Under well-settled precedents, “[p]robable cause exists where the arresting officer possesses information ‘sufficient to warrant a prudent [person] in believing that the [suspect has] committed or [is] committing an offense.’” United States v. Catlett, 97 F.3d 565, 573 (D.C. Cir. 1996) (alterations in original) (quoting Beck v. Ohio, 379 U.S. 89, 91 (1964)). Whether probable cause exists is an objective determination that involves examining “the reasonable conclusion to be drawn from the facts known to the arresting officer at the time of the arrest.” Devenpeck v. Alford, 543 U.S. 146, 152 (2004) (citing Maryland v. Pringle, 540 U.S. 366, 371 (2003)). “It must always be remembered that probable cause is evaluated from the perspective of a reasonable officer on the scene, rather than with the 20/20 vision of hindsight.” Frazier v. Williams, 620 F.Supp.2d 103, 108 (D.D.C. 2009) (internal quotations marks and citation omitted); see also Moorehead v. District of Columbia, 747 A.2d 138, 147 (D.C. 2000) (in determining whether there is probable cause, “the court evaluates the evidence from the perspective of the officer, not the plaintiff”).

Based on the facts alleged in the complaint and included in the documents that Page attached to his opposition, a reasonable officer could have found probable cause to arrest Page for destruction of property. The scene is not difficult to imagine: an officer receives a call on her police radio at four in the morning directing her to assist another police car. (See Arrest Report, ECF No. 10-1, at 2.) Upon arriving at the scene, the officer observes a vehicle with a broken windshield. (Id.) Two blocks away from the vehicle, an injured man lies unconscious in the street. (Id. (listing location of offense as the 1500 block of 23rd Street NW, and the location of the vehicle as 21st and P Street NW).) There is more than one man in the vehicle, and the officer interviews them. (Id.) These men, who say they are eyewitnesses to the incident, tell the officer their version of what happened: the man on the ground (Page) asked for a ride home, and when they refused his request, Page “got on the hood of the car and started smashing in the windshield with his foot[.]” (Id.) The eyewitnesses also tell the officer that Page fell to the ground when they tried to drive away from him. (Id.)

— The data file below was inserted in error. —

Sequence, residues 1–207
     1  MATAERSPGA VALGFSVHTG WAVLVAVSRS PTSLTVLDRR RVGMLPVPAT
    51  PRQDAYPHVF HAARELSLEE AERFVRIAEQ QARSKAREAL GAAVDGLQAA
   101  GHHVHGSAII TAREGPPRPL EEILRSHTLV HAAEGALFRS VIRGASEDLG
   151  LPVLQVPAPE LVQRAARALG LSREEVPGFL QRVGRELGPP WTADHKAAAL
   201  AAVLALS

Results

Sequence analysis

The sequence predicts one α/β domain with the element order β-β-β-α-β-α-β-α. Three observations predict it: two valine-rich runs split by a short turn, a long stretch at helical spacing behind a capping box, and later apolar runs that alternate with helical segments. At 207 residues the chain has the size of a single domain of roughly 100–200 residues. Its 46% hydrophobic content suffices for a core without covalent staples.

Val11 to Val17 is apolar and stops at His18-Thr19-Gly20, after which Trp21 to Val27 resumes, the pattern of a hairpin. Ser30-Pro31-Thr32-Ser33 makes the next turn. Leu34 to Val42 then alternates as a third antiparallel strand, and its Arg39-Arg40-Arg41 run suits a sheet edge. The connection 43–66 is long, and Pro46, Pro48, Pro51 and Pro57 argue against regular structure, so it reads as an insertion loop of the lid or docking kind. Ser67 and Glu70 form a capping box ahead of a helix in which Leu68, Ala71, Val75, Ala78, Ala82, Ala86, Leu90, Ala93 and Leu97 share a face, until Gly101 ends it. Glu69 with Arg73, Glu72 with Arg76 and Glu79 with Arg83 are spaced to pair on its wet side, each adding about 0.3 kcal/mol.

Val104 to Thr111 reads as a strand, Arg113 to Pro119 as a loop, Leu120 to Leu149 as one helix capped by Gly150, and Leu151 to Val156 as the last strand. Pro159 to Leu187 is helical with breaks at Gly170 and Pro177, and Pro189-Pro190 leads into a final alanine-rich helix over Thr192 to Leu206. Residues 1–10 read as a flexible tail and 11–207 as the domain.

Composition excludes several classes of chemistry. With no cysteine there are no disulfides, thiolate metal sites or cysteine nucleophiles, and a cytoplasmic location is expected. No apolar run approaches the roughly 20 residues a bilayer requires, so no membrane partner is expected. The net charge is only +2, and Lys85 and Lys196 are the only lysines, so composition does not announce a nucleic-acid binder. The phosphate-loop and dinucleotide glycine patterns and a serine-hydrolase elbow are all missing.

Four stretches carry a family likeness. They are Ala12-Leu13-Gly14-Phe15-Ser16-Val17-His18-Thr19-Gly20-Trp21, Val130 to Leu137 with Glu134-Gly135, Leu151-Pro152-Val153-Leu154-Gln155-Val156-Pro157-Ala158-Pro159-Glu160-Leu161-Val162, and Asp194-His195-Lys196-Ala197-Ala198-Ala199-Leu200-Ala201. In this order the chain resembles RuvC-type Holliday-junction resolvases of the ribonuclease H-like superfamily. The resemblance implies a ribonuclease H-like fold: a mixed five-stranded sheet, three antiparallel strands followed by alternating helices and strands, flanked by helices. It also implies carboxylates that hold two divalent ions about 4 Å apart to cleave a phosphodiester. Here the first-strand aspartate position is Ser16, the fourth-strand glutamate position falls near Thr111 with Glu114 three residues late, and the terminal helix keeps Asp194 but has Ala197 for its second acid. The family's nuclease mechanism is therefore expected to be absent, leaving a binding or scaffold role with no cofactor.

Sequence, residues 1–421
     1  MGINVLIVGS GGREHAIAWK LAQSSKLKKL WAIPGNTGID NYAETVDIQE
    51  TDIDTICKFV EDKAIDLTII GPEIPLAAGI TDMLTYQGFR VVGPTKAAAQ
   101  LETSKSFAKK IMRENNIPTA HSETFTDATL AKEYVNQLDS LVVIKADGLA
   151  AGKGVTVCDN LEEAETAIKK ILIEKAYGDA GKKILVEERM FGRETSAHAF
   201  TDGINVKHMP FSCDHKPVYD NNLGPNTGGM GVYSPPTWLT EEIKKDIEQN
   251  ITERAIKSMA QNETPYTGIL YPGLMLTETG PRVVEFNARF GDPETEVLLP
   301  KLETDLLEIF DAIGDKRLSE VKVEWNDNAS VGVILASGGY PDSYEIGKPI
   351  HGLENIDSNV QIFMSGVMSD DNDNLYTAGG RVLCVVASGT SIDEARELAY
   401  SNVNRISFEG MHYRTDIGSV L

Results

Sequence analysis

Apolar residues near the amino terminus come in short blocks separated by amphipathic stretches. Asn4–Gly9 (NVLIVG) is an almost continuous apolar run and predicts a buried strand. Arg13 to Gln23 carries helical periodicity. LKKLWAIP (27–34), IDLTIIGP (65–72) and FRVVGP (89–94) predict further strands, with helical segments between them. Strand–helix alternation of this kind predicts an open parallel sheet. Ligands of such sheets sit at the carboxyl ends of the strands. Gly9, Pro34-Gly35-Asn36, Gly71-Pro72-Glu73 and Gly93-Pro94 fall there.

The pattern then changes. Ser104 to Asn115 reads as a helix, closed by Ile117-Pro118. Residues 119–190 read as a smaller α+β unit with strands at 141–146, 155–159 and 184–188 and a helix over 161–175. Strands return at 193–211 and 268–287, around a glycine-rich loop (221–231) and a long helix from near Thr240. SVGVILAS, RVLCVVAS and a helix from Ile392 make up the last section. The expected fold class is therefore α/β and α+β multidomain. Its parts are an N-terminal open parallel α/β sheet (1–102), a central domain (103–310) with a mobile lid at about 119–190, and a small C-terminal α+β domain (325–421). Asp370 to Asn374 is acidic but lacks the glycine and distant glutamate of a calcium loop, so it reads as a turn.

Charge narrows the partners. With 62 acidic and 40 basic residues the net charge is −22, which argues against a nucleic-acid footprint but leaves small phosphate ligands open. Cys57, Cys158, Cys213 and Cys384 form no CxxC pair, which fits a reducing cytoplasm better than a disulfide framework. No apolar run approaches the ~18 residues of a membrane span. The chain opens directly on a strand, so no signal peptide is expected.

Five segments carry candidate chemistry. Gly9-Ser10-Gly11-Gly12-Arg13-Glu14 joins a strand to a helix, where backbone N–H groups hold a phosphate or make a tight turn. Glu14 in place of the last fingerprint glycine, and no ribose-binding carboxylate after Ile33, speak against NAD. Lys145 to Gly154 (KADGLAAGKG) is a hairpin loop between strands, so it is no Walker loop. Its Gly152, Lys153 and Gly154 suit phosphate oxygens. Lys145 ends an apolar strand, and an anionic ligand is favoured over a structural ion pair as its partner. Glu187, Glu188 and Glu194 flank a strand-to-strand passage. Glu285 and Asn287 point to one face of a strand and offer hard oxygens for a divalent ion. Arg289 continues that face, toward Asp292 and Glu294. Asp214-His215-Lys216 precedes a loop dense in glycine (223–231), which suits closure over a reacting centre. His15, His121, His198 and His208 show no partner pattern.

A reasonable officer presented with the statements of eyewitnesses and corroborating physical evidence could easily have found probable cause to believe the witnesses’ account of what happened. Page concedes that Officer Mancuso’s “notes show that she interviewed the person who assaulted the Plaintiff and another vehicle passenger” (Pl.’s Opp’n at 8; see also Arrest Report at 2 (indicating that she interviewed the individuals in the car); Event Report at 1 (same)), and that Officer Mancuso “actively participated in the investigation of the allegations against the Plaintiff.” (Pl.’s Opp’n at 8.) Page also cannot deny that the account the witnesses relayed, if true, establishes a violation of District of Columbia law. See D.C. Code § 22-303 (providing, in relevant part, that a person who “maliciously injures or breaks or destroys . . . any public or private property, whether real or personal, not his or her own, of the value of $1, 000 or more, shall be” fined or imprisoned, or both). Thus, the Court is satisfied that the facts known to Officer Mancuso at the time of the arrest— even when viewed in the light most favorable to Page, as summary judgment requires, see Grosdidier, 709 F.3d at 23—were sufficient to give a prudent officer reason to believe that Page had maliciously caused the damage to the windshield and, therefore, had committed an arrestable offense. See Catlett, 97 F.3d at 573; see also United States v. McEachin, 670 F.2d 1139, 1142-43 (D.C. Cir. 1981) (finding probable cause for an arrest where the officer relied on testimony of eyewitnesses whose “information was based on direct, personal observation”); Daniels v. United States, 393 F.2d 359, 361 (D.C. Cir. 1968) (finding probable cause where the officer received information from an eyewitness whom he reasonably believed was telling the truth); Garay v. Liriano, No. 11-1207, 2013 WL 1855742, at *13 (D.D.C. May 3, 2013) (finding probable cause based on the testimony of two eyewitnesses).